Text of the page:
Some of the terms malpractice claims use are suffering, hardship, pain, disability, significant medical bills, loss of income, and sometimes death. A medical malpractice claim has to prove the patient went through one of these damages to continue litigation; if no damage is shown or considered, the lawsuit does not continue.
Injury Caused Due to Violation of Medical Care
The final legal hurdle is for the malpractice claim to show that the first factor caused the second factor. Essentially, the patient suffered damage because of a deviation from the standard medical care of the defendant.
It’s not enough that a claim shows there was a deviation of standard care, and there were also damages; the claim has to prove that one caused the other. Unfavorable outcomes are not enough to file malpractice claims if it’s deemed the professionals administered proper medical care, but a negative result happened anyway.
Likewise, a malpractice claim won’t go forward simply because of a violation of standard care if no significant injury is proven. For a claim to be successful, it has to prove all three factors.
3 Most Common CRNA Malpractice Claims
We know what makes up a malpractice claim, but what are the most common claims against CRNAs? Every case is different, but some of the most common issues follow these general trends.
Sub-Par Performance of Procedures
Many medical malpractice claims leveled against CRNAs regard the application of specific procedures including, but not limited to, anesthesia and intubation. For instance, many CRNAs are also airway experts, which means that they commonly intubate patients before a procedure or even in emergencies.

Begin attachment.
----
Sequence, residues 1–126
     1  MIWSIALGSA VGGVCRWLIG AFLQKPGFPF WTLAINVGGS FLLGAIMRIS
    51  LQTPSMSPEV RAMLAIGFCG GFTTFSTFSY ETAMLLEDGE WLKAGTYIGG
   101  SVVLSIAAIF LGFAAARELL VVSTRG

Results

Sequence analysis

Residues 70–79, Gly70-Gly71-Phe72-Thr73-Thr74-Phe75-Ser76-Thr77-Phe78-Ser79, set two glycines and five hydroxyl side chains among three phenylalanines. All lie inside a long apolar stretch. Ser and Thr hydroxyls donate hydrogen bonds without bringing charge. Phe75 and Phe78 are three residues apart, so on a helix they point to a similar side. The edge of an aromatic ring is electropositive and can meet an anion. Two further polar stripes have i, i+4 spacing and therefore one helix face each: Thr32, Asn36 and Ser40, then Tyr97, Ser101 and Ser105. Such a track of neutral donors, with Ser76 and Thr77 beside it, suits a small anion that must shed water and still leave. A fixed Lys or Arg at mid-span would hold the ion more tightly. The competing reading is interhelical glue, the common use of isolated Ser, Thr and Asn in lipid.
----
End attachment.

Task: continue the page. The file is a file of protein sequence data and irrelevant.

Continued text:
Intubation is a standard procedure, but mistakes happen, and intubation errors can result in significant injury and death. If, for example, a CRNA intubating a patient misses the windpipe, the resulting complications can result in brain injury or death, more so if it’s an emergency procedure.
Poor Monitoring of Patients
Perhaps the most common reason for a medical malpractice claim against CRNAs is the pre- and post-procedure monitoring of patients. If a CRNA doesn’t check up on their patients regularly, complications can quickly grow and lead to more extensive damages and injuries for the patient.
It’s common to see this complaint in a facility dealing with understaffed departments where facilities task CRNAs with monitoring too many patients. An emergency happens with one patient that the CRNA has to tend to, leaving other patients vulnerable for extended periods.
Suffering From Improper Positioning
During a surgical procedure that uses anesthesia, the anesthesiologist and CRNA are responsible for positioning the patient for the procedure so that it doesn’t harm the patient.
If, for instance, a patient is positioned on their side with most of their weight on their elbow for hours, it could lead to damage to their ulnar nerve, also known as the funny bone. It may seem simple, but improper positioning by the anesthesiologist or CRNA could lead to long-term nerve damage for patients.
Those are three of the most common CRNA malpractice claims, but there are still many more varieties of claims. Medical professionals have much to deal with, but with proper liability insurance, they can do their jobs without fear of improper medical claims that can waste their time and money.